House Speaker John Boehner tweets that the Obama administration is spending $1.2 million “paying people to play video games.” That’s misleading. The government did pay $1.2 million for university research that includes the study of how video games can stimulate the cognitive abilities of seniors. A fraction of that cost went to compensate seniors who participated in the study, researchers say.
Boehner was one of several prominent Republican congressmen who sent out a flurry of tweets – hashtag #cutwaste – distorting the research. Some Republicans said the money was spent to play the video game World of Warcraft. That’s wrong. World of Warcraft is not part of research funded by the federal government, although the study does use, in part, the Wii game Boom Blox.
We take no position on whether spending $1.2 million studying ways to improve the cognitive abilities of seniors is a waste of taxpayer money. But the Republicans should call it what it is and not distort the facts – even if they get only 140 characters to make their case against it.
But before we get into the facts of the research project, let’s dissect the anatomy of this Republican talking point.
The first volley in the “World of Warcraft” Twitter campaign appears to have come from House Majority Leader Eric Cantor on Feb. 19.
The link goes to a press release from Cantor’s office listing a number of examples of “federal government waste,” including: “The National Science Foundation spent $1.2 million paying seniors to play ‘World of Warcraft’ to study the impact it had on their brain.” That’s not exactly right, but even that incomplete description gets further distorted in a series of tweets from Cantor and other House Republicans on Feb. 20.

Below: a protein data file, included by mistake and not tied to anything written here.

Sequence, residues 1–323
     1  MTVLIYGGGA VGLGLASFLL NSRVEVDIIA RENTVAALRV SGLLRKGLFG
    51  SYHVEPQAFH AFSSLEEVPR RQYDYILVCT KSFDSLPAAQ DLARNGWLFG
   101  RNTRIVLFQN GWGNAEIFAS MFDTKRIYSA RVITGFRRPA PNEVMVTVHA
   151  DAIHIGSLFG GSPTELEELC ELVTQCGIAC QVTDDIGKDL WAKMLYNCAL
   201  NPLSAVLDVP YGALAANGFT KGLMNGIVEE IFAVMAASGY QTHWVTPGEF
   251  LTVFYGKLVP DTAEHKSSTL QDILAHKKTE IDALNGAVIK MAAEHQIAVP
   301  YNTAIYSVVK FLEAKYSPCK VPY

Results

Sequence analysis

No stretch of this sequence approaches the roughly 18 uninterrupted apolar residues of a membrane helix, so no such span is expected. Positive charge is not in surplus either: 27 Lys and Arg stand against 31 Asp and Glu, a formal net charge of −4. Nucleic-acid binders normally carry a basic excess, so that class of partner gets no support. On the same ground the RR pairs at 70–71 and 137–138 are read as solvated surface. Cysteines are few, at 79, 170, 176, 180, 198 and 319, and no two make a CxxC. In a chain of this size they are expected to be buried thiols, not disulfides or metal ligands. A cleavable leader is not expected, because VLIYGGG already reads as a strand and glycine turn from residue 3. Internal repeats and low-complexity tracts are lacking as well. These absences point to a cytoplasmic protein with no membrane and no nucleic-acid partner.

How did this research grant suddenly become the poster child for government waste? It traces its roots to “Wastebook 2012,” Sen. Tom Coburn’s list of 100 wasteful government expenditures. The project in question was No. 87.
Coburn, Wastebook 2012: 87) Should grandparents play World of Warcraft ? — (NC) $1.2 million
Soon, grandma may have to skip dinner to join her World of Warcraft guild in a dungeon raid. Researchers believe they have found another means to help our memories as we age: the “World of Warcraft,” a fantasy video game featuring characters like orcs, trolls, and warlocks. The team of academics used part of $1.2 million in grants from the National Science Foundation to continue a video game study this year.
The study asked 39 adults ages 60 to 77 to play “World of Warcraft” for two hours a day over two weeks. In the game, players choose a character and rove around the virtual world participating in guild (group) missions, casting spells, and defeating evil creatures.
Millions of people around the world play, with the average player spending almost 11 hours per week playing.
At the end of the two-week study period, researchers found no cognitive improvement in older people who already scored well on cognitive tests. People who started out with lower initial results, however, experienced some improvements.
It’s true that the National Science Foundation — using funds from the economic stimulus — funded two grants totaling $1.2 million to study the ways in which the use of some video games by older people can improve their cognitive and everyday abilities, such as memory and reasoning. You can read the abstracts for the two grant awards here and here.
More broadly, according to the abstract, the researchers hope to “advance the knowledge and understanding of how cognitive training reduces age-related decline.”
The project is being led by Anne McLaughlin and Jason Allaire, both at the North Carolina State University’s Gains Through Gaming Lab, which is “dedicated to conducting applied research examining the relationship between playing commercially available video games and important psychological constructs” and specifically “how video games can improve cognitive functioning.”